Criminal Justice Reform

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An LSU Public Policy Research Lab survey finds a majority of Louisiana residents support two of Governor John Bel Edwards’ major policy issues – criminal justice reform and Medicaid expansion. Of those surveyed, 61-percent say they support the sweeping changes made last year. LSU’s Dr. Mike Henderson says there seems to be support on changing the state’s sentencing laws, because over half of the respondents believe the system is not fair, especially African-Americans.

 

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An estimated 19-hundred prisoners will be released today as part of the state’s criminal justice reform legislation enacted this year. The Edwards Administration says this will lower the highest incarceration rate in the country and produce better outcomes for non-violent offenders.  Winn Parish Sheriff Cranford Jordan doesn’t see how releasing inmates will lead to better public safety.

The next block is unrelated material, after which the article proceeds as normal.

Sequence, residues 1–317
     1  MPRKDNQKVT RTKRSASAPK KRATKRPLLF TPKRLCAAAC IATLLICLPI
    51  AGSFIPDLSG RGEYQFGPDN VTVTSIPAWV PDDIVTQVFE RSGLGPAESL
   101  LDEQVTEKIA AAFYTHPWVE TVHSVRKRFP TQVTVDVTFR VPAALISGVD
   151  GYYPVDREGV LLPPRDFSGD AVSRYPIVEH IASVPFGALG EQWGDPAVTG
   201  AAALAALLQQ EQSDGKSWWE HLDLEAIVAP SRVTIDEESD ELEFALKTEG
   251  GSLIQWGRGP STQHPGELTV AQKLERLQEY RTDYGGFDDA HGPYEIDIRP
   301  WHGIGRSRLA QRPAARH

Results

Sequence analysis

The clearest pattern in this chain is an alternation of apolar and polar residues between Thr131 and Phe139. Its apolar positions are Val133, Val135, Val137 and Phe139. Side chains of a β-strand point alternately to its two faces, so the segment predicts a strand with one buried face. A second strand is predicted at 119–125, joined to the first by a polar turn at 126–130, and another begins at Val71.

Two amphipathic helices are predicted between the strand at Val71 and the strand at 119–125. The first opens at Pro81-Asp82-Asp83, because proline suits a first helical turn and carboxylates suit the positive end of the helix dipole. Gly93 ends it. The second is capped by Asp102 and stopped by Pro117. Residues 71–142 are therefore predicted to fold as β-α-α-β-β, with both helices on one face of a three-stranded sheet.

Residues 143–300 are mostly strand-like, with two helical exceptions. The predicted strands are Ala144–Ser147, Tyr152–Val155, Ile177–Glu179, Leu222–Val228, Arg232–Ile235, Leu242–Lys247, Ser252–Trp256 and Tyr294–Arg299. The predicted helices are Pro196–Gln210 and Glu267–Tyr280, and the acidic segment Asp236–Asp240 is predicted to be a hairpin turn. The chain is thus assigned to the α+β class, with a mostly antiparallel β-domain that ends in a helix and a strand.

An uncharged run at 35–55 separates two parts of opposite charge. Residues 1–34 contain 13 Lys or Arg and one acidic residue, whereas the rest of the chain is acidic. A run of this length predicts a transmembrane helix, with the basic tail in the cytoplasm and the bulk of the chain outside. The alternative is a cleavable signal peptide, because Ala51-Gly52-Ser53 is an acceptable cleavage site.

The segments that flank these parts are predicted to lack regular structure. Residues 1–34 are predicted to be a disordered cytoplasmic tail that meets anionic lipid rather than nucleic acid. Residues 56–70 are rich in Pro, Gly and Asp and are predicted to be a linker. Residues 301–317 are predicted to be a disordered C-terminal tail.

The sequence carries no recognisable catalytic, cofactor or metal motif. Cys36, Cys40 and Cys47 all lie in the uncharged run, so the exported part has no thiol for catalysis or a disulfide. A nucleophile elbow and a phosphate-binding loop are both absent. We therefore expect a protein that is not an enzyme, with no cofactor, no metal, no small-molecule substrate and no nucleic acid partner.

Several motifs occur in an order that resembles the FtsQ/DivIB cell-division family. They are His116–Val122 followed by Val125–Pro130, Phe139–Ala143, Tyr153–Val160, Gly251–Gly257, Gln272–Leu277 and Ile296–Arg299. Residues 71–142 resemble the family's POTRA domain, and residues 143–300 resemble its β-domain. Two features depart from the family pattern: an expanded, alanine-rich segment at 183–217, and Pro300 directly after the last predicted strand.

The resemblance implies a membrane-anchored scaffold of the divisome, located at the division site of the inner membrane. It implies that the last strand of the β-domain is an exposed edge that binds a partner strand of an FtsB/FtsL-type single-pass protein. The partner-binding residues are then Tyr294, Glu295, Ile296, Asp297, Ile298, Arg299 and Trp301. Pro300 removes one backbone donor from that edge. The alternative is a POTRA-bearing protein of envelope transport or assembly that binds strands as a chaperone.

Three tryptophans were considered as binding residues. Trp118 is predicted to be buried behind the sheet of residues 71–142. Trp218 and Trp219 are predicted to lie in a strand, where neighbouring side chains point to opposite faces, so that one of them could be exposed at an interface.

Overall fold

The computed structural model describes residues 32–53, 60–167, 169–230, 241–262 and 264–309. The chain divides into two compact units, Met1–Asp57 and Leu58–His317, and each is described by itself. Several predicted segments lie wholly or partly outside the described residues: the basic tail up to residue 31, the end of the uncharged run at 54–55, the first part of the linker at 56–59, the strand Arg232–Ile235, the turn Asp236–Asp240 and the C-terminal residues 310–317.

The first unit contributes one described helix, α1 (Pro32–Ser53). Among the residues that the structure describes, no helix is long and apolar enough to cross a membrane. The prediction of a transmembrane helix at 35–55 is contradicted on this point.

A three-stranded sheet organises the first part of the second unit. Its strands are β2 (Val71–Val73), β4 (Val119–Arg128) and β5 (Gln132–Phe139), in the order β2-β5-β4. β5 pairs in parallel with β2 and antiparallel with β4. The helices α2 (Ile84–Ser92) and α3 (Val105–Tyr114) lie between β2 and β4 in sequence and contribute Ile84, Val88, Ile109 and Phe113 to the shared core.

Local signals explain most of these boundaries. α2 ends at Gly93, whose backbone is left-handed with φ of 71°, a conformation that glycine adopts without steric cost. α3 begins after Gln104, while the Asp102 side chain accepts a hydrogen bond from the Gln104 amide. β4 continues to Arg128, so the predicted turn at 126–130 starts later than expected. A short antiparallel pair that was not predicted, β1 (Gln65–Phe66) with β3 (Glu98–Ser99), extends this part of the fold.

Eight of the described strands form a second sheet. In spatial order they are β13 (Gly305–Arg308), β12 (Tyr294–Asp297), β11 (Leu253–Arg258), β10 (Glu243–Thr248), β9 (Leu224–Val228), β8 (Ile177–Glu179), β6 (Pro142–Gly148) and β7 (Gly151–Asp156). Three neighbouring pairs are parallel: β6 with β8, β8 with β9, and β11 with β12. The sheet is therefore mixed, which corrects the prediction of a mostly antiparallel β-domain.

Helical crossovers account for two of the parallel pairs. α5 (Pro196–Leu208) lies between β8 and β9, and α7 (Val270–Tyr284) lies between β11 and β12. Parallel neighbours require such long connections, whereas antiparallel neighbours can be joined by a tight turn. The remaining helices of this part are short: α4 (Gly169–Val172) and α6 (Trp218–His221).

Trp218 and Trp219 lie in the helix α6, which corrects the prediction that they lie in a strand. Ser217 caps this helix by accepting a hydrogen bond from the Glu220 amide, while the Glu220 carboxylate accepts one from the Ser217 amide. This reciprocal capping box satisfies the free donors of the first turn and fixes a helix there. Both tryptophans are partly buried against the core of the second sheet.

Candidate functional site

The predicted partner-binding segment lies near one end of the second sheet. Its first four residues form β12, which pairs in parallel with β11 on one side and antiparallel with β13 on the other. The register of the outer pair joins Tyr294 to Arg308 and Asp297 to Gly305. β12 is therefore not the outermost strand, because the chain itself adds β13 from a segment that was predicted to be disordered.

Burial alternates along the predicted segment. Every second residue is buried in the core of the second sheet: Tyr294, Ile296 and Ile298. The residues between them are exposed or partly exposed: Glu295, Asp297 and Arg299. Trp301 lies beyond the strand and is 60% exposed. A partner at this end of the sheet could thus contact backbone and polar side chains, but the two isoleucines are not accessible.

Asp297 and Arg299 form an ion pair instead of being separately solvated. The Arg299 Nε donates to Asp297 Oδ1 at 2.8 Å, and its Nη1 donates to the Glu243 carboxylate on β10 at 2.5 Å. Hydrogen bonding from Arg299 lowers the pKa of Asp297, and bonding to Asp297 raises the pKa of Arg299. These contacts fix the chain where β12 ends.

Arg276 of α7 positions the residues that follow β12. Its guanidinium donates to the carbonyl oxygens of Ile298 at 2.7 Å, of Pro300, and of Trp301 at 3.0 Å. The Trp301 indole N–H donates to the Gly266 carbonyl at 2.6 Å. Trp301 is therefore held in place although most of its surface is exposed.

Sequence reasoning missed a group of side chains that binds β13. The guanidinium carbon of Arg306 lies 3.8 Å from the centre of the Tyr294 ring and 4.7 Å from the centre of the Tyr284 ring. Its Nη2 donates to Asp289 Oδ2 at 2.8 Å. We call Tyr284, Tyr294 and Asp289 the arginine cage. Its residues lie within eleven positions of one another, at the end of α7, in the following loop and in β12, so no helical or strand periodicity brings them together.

Jordan says the system is flawed from the start.  He says Louisiana needs to take a cue from Texas and begin rehabilitation before prisoners are released

Louisiana's debate over how to rework its criminal justice system is heading to state lawmakers.

 

A study group Thursday approved its package of recommendations for a sweeping rewrite of Louisiana's criminal sentencing laws and its approach to prisoner rehabilitation.

 

The effort aims to lessen Louisiana's highest-in-the-nation incarceration rate and provide more training and treatment to reduce inmates' chances of returning to prison after release.